We used an 18-bit LTC2387 SAR ADC that samples up to 15Msps to mimic on-coil clock jitter tests. Our experiments sample at 10Msps. A signal generator (Keysight 33600A Series) generates a 2.5MHz waveform that is crystal filtered and fed into the ADC input. A clean, higher frequency input allows more observable jitter effects of wireless clock transmission that limit k-space peak SNR.

We constructed a set of 1.6GHz and 3.5GHz strip shielded dipole antennas, and a 1.6GHz biquad antenna (Fig 3). Path loss across a parallel plane 10cm away was simulated and measured by robotic XY plotter. Two strip-shielded 1.6GHz dipoles were ultimately used for wireless clock transfer (Fig 4c,d).

In the first setup, a signal generator (E4420B) wirelessly sends a 1.6GHz tone across 10cm where it is divided down to a 10MHz clock for the LTC2387 ADC (Fig 4a, 4c). The second test mixes (LTC5560) a 5MHz signal with 1.6GHz before transmission, after which peak detection retrieves the clock at original 10MHz (Fig 4b,4d). Pscope data collection software (Linear Technologies) records the ADC SNR values and noise floor. Additionally, a jitter cleanup circuit (Si5317) (center freq=10MHz, BW=88Hz) was inserted after each receiver and SNR improvement recorded for comparison. The ADC SNR using a 10MHz crystal oscillator (Crystek Corporation) was recorded as a gold standard measurement.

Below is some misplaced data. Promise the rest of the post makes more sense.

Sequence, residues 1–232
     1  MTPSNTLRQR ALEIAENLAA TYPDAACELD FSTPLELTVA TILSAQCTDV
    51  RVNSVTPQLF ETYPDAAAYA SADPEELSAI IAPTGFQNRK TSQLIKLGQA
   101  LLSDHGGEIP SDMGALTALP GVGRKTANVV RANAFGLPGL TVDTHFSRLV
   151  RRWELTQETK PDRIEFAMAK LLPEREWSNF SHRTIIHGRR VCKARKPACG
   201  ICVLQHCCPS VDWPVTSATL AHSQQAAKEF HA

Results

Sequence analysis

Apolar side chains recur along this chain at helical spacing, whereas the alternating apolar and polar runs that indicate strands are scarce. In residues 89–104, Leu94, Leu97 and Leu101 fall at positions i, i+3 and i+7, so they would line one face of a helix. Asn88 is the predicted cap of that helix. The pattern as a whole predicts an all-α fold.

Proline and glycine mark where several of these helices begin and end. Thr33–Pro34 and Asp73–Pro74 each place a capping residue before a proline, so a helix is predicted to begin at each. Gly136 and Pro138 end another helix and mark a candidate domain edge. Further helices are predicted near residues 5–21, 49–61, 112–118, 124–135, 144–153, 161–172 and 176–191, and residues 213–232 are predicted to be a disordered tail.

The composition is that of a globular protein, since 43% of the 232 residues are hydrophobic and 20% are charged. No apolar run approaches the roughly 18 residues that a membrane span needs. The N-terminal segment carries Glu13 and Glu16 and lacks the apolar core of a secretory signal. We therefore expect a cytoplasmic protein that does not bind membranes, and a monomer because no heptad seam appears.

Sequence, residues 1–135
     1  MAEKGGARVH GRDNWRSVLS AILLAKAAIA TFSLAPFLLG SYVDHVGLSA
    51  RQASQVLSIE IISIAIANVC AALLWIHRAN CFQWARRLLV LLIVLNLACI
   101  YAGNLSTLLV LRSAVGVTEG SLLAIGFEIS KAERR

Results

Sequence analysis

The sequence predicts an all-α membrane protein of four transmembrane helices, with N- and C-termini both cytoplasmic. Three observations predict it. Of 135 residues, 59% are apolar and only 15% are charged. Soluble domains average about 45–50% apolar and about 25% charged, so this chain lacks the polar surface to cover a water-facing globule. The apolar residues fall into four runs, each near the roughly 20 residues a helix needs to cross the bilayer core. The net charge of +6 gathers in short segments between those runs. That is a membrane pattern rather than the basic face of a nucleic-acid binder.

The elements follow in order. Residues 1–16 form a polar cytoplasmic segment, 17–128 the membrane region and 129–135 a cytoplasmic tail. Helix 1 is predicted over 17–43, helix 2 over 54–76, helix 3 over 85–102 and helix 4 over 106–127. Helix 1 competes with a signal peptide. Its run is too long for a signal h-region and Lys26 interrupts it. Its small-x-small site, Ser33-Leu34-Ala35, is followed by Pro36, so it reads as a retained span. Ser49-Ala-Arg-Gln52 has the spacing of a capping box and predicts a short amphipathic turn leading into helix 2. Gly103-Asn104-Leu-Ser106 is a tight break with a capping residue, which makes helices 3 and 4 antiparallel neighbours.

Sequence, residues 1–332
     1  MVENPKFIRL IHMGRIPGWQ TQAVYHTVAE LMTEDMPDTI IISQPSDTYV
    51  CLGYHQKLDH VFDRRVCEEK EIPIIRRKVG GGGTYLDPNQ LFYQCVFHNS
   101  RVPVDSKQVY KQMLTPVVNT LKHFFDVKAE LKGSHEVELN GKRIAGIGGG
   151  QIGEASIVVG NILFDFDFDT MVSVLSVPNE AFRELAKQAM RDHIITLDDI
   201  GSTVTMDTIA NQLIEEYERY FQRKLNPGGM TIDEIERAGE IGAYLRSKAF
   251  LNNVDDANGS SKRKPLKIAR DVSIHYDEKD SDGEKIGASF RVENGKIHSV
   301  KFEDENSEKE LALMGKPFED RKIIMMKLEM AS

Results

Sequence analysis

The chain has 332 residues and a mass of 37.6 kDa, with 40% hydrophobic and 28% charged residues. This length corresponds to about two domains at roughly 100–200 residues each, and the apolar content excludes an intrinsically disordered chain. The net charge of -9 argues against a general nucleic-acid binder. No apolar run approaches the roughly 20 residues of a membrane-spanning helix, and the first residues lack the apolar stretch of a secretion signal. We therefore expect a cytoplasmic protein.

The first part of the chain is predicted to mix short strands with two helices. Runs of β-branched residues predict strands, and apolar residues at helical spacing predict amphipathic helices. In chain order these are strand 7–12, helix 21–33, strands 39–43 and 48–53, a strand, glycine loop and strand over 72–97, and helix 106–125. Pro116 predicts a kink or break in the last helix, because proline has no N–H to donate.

Results and Discussion

The path loss varies between -5 to -10dB between two 1.6GHz shielded dipole antennas when displacing Rx antenna across a 10cmx10cm plane 10cm away. Simulation values agrees within 1dB. A higher frequency transmission between the 3.5GHz shielded dipole antennas result in greater path loss: -11dB to -20dB. At 10cm distance, the 3.5GHz antennas operate in the far field, while the 1.6GHz antennas are in the near/mid field region. The 1.6GHz antenna impedance thus may modulate more from patient motion, but with reduced path loss.

The PLL/divider approach results in 81.4dB SNR, an 11dB reduction relative to the crystal clock standard. The divider recovery phase will be sensitive to both antenna impedance and path length changes. The AM DSB-SC/peak detection achieves 71.3dB, a 21.4dB reduction from the crystal standard. Future low noise peak detection circuitry may improve this outcome. The AM recovered clock phase is influenced by envelope group delay and should mitigate antenna impedance modulation. For either clock recovery scheme, the Si5317 brought the ADC SNR back to ~92dB. Importantly, this jitter attenuator does not employ an external VCO (only fixed clock) so that voltage sensitive clock modulation from pulsed gradients could be limited.


Wireless clock transmission at 1.6GHz resulted in reasonable path loss across a perpendicular plane 10cm from the clock receiver. Wireless clock transmission using PLL/dividers and AM DSB-SC degraded the SNR relative to direct crystal ADC clocks, but SNR can be remedied with jitter cleanup. Further studies are needed to determine phase stability of these wireless clock transmission methods with patient motion and vibration effects.